The editors thank all 49 authors who generously agreed to put their collective knowledge about rotary nanomotors into words. They represent the leading research groups worldwide studying rotary molecular machines. The positive responses to our invitations were doubtless aided by the recognition that this was a tribute to the visionary insight of Howard Berg, whose paper with Robert Anderson in 1973 first declared that “Bacteria Swim by Rotating Helical Filaments.”
We hoped that Howard would write an introduction to this Research Topic. Unfortunately, he passed away on December 30, 2021, just as it became clear that our vision was going to become reality. That sad event adds both poignancy and timeliness to this Research Topic. We also want to thank the four editors who supplemented the efforts of the five designated guest editors mentioned above and the 33 reviewers who, together with the guest editors, ensured that everything presented in the reviews was as clear, complete, and accurate as possible.
We hope this Research Topic serves as a fitting tribute to Howard Berg, the unconventional intellect whose insight ushered in an entire field of molecular biophysics: the study of rotary molecular motors. Savor what is presented here and anticipate the new revelations which doubtless await in the coming years.
All authors listed have made a substantial, direct, and intellectual contribution to the work and approved it for publication.
This effort was made possible by the original invitation from Ronan Conlon to Mike Manson to guest edit a Research Topic for Frontiers in Microbiology. The effort was capably facilitated by Ronan and Helene Jensen, the supervising editor for Frontiers in Microbiology. The cost of publication was partially underwritten by the Department of Biology at Texas A&M University in recognition of former Department Head Timothy C. Hall for his contribution to the Texas A&M Department of Biology and the career of the first author.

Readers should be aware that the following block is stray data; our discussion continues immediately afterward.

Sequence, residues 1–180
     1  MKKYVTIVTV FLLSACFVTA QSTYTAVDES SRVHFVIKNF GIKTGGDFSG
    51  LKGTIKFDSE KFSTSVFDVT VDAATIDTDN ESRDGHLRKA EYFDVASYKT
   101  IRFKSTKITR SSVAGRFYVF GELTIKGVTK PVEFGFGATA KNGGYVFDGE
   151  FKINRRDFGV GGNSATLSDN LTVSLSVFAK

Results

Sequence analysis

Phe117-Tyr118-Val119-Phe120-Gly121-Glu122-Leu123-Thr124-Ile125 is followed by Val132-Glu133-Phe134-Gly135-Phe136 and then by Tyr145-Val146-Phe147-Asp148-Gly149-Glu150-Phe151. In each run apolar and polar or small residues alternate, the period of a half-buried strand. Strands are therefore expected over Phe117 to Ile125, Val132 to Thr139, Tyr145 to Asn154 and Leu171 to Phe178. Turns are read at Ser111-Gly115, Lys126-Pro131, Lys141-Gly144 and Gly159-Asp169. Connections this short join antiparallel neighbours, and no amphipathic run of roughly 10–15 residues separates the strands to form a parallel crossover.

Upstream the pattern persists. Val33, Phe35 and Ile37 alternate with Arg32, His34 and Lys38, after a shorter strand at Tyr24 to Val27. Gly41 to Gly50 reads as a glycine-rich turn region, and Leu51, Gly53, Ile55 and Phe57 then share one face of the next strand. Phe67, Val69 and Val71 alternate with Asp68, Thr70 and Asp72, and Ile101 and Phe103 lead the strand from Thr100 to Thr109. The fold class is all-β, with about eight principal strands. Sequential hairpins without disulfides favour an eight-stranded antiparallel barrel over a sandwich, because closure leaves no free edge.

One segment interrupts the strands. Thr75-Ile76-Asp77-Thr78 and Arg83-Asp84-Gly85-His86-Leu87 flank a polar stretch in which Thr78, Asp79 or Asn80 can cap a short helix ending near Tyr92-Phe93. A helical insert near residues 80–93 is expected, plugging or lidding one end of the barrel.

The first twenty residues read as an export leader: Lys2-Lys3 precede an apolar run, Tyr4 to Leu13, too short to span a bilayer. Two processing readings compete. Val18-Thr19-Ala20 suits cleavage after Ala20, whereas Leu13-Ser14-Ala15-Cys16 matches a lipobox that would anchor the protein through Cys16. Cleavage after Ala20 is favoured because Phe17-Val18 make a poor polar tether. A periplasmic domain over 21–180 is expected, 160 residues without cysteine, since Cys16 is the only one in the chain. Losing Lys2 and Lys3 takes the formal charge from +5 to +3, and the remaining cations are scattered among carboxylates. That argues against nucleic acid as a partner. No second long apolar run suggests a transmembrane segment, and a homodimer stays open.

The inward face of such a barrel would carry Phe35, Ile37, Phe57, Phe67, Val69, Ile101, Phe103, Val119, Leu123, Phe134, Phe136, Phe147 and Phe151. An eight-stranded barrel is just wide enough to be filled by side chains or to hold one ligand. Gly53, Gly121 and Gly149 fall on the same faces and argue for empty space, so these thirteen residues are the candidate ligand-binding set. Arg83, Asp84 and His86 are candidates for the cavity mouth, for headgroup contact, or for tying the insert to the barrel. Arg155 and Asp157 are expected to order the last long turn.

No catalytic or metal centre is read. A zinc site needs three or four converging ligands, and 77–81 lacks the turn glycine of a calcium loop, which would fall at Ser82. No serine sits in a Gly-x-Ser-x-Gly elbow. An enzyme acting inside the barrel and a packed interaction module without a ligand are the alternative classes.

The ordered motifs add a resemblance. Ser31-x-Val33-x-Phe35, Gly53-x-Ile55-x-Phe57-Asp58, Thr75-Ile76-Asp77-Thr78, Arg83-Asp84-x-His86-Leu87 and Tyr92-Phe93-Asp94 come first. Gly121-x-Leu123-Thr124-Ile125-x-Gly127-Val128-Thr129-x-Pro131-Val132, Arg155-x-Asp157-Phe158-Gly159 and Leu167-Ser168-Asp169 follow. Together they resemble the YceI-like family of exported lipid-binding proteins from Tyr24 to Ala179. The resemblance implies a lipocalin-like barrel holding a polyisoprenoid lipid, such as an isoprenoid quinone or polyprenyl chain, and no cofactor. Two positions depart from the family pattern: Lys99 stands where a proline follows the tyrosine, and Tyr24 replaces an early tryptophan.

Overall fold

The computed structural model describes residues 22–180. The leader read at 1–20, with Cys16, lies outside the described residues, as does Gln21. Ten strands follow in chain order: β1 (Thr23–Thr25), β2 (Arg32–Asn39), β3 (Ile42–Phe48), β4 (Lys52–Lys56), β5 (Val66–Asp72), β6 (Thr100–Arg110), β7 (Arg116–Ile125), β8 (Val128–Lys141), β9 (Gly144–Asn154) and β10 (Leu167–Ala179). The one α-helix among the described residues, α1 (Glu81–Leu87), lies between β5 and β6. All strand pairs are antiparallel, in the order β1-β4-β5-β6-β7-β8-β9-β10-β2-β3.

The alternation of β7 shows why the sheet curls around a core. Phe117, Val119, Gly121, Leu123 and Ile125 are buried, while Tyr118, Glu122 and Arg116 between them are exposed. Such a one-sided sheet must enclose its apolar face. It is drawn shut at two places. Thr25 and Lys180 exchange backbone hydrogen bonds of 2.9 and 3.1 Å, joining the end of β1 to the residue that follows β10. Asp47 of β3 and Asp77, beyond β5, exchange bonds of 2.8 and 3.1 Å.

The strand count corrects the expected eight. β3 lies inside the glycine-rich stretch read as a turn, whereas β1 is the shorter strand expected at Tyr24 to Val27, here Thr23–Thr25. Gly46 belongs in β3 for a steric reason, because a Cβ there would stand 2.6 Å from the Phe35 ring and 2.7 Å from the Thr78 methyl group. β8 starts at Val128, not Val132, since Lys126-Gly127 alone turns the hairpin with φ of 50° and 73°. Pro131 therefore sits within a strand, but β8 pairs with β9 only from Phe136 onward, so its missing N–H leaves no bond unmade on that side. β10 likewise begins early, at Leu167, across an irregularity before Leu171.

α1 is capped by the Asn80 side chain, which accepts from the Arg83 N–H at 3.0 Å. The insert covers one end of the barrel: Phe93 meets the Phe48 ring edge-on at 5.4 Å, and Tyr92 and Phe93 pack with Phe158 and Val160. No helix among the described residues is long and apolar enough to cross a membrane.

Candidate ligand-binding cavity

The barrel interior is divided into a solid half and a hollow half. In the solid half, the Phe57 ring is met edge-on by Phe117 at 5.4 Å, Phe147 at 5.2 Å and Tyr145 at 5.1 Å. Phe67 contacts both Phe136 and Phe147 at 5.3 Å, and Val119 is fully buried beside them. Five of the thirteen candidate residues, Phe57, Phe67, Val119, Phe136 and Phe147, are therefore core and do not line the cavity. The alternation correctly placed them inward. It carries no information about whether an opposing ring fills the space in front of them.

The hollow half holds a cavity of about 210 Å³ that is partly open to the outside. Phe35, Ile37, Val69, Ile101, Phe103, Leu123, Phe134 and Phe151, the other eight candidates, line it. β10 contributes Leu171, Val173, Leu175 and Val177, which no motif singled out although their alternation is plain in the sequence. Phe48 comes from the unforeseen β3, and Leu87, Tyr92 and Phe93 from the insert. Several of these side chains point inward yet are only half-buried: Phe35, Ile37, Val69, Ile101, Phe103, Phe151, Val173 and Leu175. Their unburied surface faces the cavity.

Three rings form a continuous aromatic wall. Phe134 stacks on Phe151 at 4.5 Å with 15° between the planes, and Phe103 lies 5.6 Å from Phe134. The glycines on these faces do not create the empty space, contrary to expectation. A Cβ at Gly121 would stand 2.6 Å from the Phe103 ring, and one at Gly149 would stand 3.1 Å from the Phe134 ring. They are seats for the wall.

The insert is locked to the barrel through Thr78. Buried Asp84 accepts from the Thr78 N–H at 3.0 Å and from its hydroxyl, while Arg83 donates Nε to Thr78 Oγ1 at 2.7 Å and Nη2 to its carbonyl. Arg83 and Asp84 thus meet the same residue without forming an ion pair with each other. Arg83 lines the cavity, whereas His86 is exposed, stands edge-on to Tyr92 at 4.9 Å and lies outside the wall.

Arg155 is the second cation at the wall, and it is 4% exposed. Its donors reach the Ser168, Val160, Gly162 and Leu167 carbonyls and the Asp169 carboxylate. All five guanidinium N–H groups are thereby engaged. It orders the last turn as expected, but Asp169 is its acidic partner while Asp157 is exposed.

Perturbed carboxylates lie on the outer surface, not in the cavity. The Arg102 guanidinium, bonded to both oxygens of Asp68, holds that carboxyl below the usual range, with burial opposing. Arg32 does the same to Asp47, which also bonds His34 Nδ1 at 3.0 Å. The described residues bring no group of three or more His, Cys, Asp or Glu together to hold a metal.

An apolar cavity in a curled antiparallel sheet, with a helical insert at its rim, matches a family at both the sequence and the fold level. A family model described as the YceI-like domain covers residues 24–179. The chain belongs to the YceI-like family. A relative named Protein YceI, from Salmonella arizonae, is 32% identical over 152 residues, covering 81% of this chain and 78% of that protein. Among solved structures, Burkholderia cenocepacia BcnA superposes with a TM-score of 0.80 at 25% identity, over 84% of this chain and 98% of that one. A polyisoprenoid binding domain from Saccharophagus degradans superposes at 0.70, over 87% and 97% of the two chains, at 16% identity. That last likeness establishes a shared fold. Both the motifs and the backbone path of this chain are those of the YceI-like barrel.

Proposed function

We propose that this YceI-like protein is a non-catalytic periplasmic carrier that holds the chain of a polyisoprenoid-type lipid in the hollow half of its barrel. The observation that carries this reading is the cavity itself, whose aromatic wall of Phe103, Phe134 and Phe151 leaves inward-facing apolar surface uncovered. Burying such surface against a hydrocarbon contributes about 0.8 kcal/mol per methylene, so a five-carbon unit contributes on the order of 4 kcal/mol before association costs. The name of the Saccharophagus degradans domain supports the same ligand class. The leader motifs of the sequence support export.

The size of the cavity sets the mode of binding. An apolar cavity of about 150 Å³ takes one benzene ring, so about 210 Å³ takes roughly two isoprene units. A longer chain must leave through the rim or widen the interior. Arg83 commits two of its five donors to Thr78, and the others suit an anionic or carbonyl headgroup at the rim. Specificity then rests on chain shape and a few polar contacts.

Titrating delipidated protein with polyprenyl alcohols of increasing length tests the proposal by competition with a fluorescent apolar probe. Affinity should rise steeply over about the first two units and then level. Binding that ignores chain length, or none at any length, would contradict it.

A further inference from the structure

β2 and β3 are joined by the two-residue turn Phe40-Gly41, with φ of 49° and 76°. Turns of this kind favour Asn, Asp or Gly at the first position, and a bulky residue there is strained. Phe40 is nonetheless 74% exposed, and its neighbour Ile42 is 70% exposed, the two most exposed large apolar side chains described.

Conflict of interest
The authors declare that the research was conducted in the absence of any commercial or financial relationships that could be construed as a potential conflict of interest.
All claims expressed in this article are solely those of the authors and do not necessarily represent those of their affiliated organizations, or those of the publisher, the editors and the reviewers. Any product that may be evaluated in this article, or claim that may be made by its manufacturer, is not guaranteed or endorsed by the publisher.
Keywords: rotary nanomotors, flagella, archaella, gliding, outer membrane transport, ATP synthase
Citation: Manson MD, Nan B, Lele PP, Liu J and Duncan TM (2022) Editorial: Biological rotary nanomotors. Front. Microbiol. 13:1012681. doi: 10.3389/fmicb.2022.1012681
Received: 05 August 2022; Accepted: 29 August 2022;
Published: 21 September 2022.
Edited and reviewed by: Marc Strous, University of Calgary, Canada
Copyright © 2022 Manson, Nan, Lele, Liu and Duncan. This is an open-access article distributed under the terms of the Creative Commons Attribution License (CC BY). The use, distribution or reproduction in other forums is permitted, provided the original author(s) and the copyright owner(s) are credited and that the original publication in this journal is cited, in accordance with accepted academic practice. No use, distribution or reproduction is permitted which does not comply with these terms.
*Correspondence: Michael D. Manson, firstname.lastname@example.org